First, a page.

Want to learn about more AmaWaterways destinations? Just visit our AmaWaterways destinations page.

Tips, Tricks, and What You Should Know

  • Items such as sunscreen and bug spray are hard to find and expensive when found, so it’s best to pack your own
  • Before boarding your cruise, AmaWaterways will hold on to your passport for safe keeping. This is perfectly normal, but can come as a bit of a shock to those who aren’t prepared
  • Given that few of the areas you’ll be travelling are paved, expect to do a fair amount of walking over roots and over natural terrain. Wheelchairs will have an especially difficult time with this voyage
  • Depending on the season it can rain a lot. However, AmaWaterways keeps rain jackets and ponchos for its guests so they don’t have to be cooped up when it starts coming down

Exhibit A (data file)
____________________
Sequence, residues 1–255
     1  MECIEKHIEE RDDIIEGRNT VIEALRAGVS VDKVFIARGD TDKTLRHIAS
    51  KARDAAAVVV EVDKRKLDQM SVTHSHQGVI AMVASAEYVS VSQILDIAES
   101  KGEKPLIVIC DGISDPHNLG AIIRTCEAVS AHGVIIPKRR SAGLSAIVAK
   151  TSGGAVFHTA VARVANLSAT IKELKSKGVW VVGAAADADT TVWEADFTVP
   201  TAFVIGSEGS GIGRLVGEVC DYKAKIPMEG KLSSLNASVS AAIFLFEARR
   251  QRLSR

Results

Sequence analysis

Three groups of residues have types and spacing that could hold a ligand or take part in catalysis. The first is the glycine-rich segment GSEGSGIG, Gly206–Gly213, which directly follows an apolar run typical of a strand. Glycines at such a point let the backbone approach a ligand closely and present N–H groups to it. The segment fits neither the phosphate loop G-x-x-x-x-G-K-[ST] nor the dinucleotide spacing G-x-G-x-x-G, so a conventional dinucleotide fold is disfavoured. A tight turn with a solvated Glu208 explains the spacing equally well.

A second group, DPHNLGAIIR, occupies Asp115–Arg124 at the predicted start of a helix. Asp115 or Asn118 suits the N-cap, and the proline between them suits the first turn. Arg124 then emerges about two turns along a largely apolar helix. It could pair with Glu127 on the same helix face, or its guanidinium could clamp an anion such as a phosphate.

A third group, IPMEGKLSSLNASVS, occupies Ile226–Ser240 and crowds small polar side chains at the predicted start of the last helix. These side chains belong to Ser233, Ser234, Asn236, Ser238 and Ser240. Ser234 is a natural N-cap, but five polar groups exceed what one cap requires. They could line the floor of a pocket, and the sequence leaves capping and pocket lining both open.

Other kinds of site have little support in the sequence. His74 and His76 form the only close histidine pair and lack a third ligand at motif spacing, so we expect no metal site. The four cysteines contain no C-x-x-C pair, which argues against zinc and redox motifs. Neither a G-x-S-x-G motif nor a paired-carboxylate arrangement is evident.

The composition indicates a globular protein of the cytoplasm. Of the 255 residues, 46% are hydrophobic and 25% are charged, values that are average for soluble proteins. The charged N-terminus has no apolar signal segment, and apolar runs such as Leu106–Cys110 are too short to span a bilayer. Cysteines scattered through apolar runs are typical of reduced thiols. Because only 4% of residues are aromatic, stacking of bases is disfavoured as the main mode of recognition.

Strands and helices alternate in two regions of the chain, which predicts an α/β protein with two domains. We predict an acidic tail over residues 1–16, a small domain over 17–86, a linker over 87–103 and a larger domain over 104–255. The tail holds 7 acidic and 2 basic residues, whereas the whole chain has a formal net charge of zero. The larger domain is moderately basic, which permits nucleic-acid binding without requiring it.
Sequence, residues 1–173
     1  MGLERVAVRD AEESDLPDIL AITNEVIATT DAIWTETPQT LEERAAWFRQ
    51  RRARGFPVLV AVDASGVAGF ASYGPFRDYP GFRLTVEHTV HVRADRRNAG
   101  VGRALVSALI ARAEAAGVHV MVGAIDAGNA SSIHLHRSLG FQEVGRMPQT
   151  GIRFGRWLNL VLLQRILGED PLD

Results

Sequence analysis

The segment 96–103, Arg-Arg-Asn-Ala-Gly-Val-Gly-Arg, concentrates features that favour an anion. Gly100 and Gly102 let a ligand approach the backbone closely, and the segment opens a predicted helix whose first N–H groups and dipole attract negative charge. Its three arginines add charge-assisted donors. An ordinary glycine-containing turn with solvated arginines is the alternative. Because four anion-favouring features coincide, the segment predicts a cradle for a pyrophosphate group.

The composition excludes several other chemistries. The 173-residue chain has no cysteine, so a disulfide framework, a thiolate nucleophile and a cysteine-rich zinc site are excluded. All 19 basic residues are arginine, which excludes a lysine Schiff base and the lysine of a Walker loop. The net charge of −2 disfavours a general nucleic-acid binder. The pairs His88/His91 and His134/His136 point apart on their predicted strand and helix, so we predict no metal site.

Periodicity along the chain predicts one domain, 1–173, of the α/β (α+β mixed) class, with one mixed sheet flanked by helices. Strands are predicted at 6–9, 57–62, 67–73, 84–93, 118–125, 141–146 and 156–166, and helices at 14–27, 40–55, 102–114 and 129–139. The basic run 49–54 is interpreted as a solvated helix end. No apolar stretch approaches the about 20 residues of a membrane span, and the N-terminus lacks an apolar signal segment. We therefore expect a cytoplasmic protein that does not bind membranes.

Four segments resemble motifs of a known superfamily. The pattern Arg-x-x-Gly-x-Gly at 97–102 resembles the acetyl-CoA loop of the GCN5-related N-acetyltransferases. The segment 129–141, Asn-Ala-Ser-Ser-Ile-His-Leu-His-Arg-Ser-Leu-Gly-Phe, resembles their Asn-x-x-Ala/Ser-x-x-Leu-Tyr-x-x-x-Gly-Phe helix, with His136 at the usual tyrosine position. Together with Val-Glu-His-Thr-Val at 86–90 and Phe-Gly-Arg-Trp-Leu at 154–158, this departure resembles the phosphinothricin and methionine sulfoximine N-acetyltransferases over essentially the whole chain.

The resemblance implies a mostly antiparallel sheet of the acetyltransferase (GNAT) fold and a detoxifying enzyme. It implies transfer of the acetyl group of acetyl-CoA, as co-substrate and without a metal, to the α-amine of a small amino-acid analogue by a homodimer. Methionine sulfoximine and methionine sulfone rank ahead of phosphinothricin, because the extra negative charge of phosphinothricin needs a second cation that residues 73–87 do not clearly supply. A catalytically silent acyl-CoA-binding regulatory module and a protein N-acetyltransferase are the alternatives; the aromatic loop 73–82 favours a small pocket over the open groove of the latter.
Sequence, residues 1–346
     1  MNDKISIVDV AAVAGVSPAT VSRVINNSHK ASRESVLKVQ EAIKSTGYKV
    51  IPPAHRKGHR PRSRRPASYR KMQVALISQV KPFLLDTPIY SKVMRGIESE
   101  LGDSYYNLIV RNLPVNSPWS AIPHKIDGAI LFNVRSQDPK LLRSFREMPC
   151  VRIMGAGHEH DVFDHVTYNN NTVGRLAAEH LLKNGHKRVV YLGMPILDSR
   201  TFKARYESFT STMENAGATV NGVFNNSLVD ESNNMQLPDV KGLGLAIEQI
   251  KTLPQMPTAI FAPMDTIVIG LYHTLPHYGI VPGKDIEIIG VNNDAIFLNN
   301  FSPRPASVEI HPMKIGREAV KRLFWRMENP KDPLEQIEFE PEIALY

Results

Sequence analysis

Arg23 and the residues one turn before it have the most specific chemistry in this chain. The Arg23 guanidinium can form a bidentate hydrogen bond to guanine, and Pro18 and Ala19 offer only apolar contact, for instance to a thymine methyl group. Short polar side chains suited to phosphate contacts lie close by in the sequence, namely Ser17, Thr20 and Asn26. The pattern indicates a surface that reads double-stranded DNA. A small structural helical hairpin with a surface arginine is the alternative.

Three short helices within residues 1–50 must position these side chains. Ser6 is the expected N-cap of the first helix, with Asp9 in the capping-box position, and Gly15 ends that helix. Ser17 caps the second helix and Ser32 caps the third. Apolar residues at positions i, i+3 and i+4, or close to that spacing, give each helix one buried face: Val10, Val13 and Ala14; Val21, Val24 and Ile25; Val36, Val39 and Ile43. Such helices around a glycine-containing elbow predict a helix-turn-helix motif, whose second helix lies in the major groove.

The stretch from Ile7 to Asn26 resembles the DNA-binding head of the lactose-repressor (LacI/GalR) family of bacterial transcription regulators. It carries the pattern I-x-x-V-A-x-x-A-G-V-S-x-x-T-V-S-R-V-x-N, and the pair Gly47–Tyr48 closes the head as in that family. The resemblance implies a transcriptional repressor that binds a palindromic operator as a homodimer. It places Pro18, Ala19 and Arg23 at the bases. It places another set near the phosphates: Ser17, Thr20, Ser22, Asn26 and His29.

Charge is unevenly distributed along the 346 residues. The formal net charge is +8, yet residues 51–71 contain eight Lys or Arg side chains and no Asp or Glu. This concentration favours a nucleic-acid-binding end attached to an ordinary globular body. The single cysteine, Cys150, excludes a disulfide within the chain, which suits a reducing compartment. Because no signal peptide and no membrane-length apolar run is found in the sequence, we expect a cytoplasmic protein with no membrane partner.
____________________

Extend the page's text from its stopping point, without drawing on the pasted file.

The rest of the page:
• There are many best practices when visiting religious sites, and half the fun of the visit is learning them, but a few tips are dress modestly (covering knees and shoulders), respect the monks, bring socks if you need to remove your shoes, and avoid touching the heads of strangers (more so children) as it’s considered rude

If a cruise aboard AmaWaterway’s AmaDara sounds like the vacation you’ve been looking for, just contact one of our travel agents who specialize in AmaWaterways or who have taken this very trip! You can book an appointment online or over the phone.

Want to know more about AmaWaterways? You can visit our page all about AmaWaterways, or download our free ebook that gives tips on how to have your best AmaWaterways vacation!

About the Author
Caleb Caswell
Caleb Caswell is the digital copywriter for AMA Travel. When travelling, he enjoys not making plans and expanding his wardrobe. His top travel recommendation is trying Japan’s raw-chicken tataki. C’mon, live a little.